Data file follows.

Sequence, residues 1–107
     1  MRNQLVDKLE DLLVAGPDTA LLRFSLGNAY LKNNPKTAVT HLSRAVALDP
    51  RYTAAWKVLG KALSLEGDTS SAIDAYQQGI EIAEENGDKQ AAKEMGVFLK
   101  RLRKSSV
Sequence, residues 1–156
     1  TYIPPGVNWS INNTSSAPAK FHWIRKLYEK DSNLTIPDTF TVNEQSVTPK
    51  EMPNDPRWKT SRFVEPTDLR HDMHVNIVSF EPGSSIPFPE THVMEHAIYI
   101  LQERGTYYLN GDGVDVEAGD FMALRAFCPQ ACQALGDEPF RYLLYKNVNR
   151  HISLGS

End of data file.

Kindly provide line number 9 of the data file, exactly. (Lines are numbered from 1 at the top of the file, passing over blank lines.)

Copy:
   151  HISLGS